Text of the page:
The top NATO commander and a nationally renowned ophthalmologist will become the newest members of the 21st West Virginia University Alumni Associations Academy of Distinguished Alumni during induction ceremonies at 7 p.m. Friday, Feb. 15, at the Erickson Alumni Center.

Gen. John Craddock and Dr. B. Thomas Hutchinson are extremely accomplished in their professions, and they are proud of the role West Virginia University played in helping them achieve success,said Stephen L. Douglas, president and CEO of the WVU Alumni Association.We are so pleased to welcome them home to WVU and honor them with induction into the academy.

Gen. Bantz J.JohnCraddock

Gen. John Craddock is commander of the U.S. European Command and the supreme allied commander Europe. A native of Doddridge County, he graduated from WVU in 1971 with a bachelors degree in political science and was commissioned as an armor officer. A tour of duty with the 3rd Armored Division in Germany was followed by a tour at Fort Knox, Ky., with the U.S. Army Armor and Engineer Board. He returned to the 3rd Armored Division as a tank company commander after completing the Armor Officer Advanced Course.

In 1981, Craddock was reassigned to the Office of the Program Manager, Abrams Tank System, first as a systems analyst and then as executive officer. After graduating from the Command and General Staff College, he returned to Germany, this time with the 8th Infantry Division (Mechanized).

In 1989, Craddock assumed command of the 4th Battalion, 64th Armor, 24th Infantry Division (Mechanized) at Fort Stewart, Ga. During this posting, he was deployed to Operations Desert Shield and Desert Storm. After serving as assistant chief of staff for operations for the 24th Infantry Division (Mechanized), Craddock attended the U.S. Army War College and assumed command of the 194th Separate Armored Brigade upon his graduation, before becoming assistant chief of staff for Operations for III Corps at Fort Hood, Texas.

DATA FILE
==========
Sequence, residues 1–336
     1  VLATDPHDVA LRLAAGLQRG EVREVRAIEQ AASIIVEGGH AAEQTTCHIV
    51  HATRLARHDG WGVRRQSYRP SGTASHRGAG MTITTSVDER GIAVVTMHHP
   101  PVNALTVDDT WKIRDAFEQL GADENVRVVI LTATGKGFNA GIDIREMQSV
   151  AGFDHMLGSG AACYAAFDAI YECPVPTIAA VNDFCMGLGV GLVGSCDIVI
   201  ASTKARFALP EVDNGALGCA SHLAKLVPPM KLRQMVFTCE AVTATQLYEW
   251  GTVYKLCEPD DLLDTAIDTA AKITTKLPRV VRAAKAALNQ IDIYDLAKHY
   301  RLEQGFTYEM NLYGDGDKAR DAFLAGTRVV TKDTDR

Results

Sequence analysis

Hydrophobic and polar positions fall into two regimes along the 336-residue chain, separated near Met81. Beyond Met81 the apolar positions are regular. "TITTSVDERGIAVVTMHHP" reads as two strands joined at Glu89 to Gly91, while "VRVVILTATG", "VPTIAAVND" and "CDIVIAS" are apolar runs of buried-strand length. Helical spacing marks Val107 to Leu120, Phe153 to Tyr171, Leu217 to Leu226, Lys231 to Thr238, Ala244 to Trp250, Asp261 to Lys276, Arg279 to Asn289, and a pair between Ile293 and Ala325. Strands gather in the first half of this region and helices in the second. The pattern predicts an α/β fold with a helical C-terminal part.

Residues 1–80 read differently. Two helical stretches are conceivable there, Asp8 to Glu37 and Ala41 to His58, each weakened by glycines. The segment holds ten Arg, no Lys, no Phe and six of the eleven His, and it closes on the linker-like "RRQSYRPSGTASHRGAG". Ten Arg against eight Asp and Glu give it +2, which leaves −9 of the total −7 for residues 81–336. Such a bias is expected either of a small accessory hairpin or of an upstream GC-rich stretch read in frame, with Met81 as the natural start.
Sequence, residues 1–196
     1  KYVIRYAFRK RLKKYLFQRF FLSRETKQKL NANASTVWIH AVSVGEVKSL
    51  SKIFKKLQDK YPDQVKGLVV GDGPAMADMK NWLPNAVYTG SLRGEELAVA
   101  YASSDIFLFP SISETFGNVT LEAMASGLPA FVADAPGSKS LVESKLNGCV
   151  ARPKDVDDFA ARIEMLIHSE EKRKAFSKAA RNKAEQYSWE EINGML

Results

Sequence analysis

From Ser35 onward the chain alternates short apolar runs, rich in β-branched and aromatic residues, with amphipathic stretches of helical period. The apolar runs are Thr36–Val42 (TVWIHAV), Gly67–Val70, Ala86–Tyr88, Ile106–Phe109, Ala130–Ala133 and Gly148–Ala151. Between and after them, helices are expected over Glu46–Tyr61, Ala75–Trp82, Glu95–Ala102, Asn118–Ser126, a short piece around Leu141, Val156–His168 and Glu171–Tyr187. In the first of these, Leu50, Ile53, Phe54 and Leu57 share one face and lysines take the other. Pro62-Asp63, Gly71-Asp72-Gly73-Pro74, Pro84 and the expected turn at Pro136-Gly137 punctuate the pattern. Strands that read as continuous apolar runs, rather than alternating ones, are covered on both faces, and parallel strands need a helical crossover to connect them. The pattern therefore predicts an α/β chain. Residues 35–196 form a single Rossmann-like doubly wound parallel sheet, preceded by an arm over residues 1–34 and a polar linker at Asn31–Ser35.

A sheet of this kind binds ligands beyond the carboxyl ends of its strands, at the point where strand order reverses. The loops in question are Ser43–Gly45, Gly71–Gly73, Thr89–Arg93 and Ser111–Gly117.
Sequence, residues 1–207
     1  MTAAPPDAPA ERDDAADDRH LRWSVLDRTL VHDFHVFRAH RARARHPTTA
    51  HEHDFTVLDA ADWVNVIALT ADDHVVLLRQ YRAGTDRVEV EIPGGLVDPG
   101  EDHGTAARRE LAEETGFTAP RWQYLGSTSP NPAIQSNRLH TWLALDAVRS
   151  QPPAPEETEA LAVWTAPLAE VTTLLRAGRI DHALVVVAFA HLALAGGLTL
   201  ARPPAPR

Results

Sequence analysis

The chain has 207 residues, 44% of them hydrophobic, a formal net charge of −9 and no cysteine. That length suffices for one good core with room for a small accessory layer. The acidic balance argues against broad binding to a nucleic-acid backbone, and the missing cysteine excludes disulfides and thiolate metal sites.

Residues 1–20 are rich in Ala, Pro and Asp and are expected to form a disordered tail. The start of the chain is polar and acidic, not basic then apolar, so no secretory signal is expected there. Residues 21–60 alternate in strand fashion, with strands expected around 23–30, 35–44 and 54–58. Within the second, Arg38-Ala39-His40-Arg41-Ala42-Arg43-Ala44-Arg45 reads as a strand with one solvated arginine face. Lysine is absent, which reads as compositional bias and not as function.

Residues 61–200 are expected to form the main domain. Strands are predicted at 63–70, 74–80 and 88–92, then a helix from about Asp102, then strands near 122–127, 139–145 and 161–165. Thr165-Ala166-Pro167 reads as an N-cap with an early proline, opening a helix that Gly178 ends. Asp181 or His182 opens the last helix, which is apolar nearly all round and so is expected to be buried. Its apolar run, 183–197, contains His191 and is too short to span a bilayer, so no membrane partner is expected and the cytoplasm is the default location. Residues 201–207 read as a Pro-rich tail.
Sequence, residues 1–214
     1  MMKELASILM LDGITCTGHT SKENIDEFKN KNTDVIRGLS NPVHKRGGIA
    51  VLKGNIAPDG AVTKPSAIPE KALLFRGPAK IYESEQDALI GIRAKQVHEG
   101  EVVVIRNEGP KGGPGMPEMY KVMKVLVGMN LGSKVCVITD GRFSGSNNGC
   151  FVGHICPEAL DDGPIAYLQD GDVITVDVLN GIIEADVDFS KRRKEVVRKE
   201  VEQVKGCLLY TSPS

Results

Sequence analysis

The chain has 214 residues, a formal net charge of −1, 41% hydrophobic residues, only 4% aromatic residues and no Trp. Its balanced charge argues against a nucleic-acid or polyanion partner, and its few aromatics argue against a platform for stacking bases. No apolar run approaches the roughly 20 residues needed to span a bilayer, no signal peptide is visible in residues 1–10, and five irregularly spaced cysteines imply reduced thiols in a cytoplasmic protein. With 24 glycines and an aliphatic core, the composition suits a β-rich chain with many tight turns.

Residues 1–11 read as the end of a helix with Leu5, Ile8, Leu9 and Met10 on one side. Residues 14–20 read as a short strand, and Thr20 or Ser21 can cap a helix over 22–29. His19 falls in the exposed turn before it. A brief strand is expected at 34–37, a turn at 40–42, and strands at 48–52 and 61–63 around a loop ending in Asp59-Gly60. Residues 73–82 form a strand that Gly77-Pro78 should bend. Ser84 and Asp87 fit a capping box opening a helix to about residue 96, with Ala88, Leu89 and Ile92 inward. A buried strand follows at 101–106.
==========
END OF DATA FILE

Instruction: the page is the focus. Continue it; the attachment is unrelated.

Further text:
In 1996, he moved to the Joint Staff at the Pentagon as assistant deputy director for Plans and Policy, J5. Two years later, he returned to Germany as the assistant division commander for Maneuver of 1st Infantry Division (Mechanized). During this time, he was designated commander of U.S. Forces for the initial phase of operations in Kosovo. He went on to be the commanding general of the 7th Army Training Command, U.S. Army Europe, and later assumed command of 1st Infantry Division (Mechanized). A tour as the senior military assistant to the secretary of defense was followed by the post of combatant commander of the U.S. Southern Command from 2004-06.

Craddock has received numerous decorations and honors, including the Silver Star, Bronze Star Medal, Legion of Merit (two oak leaf clusters) and Meritorious Service Medal (with three oak leaf clusters), among others.

He has a masters degree in military arts and sciences. He and his wife, Linda, have two children, Zachary and Amanda.

Dr. B. Thomas Hutchinson

Dr. B. Thomas Hutchinson was born in Flatwoods. In 1955, he received a Bachelor of Arts degree from WVU , where he was elected to the Phi Beta Kappa national academic honor society. He also received a Bachelor of Science degree from WVU in 1956 and his doctorate in medicine from Harvard Medical School in 1958.

Following an internship at Pennsylvania Hospital in Philadelphia and two years in the U.S. Public Health Service, Hutchinson returned to Boston for a fellowship in the Howe Laboratory, Harvard Medical School, a residency in ophthalmology and a fellowship in glaucoma at the Massachusetts Eye and Ear Infirmary.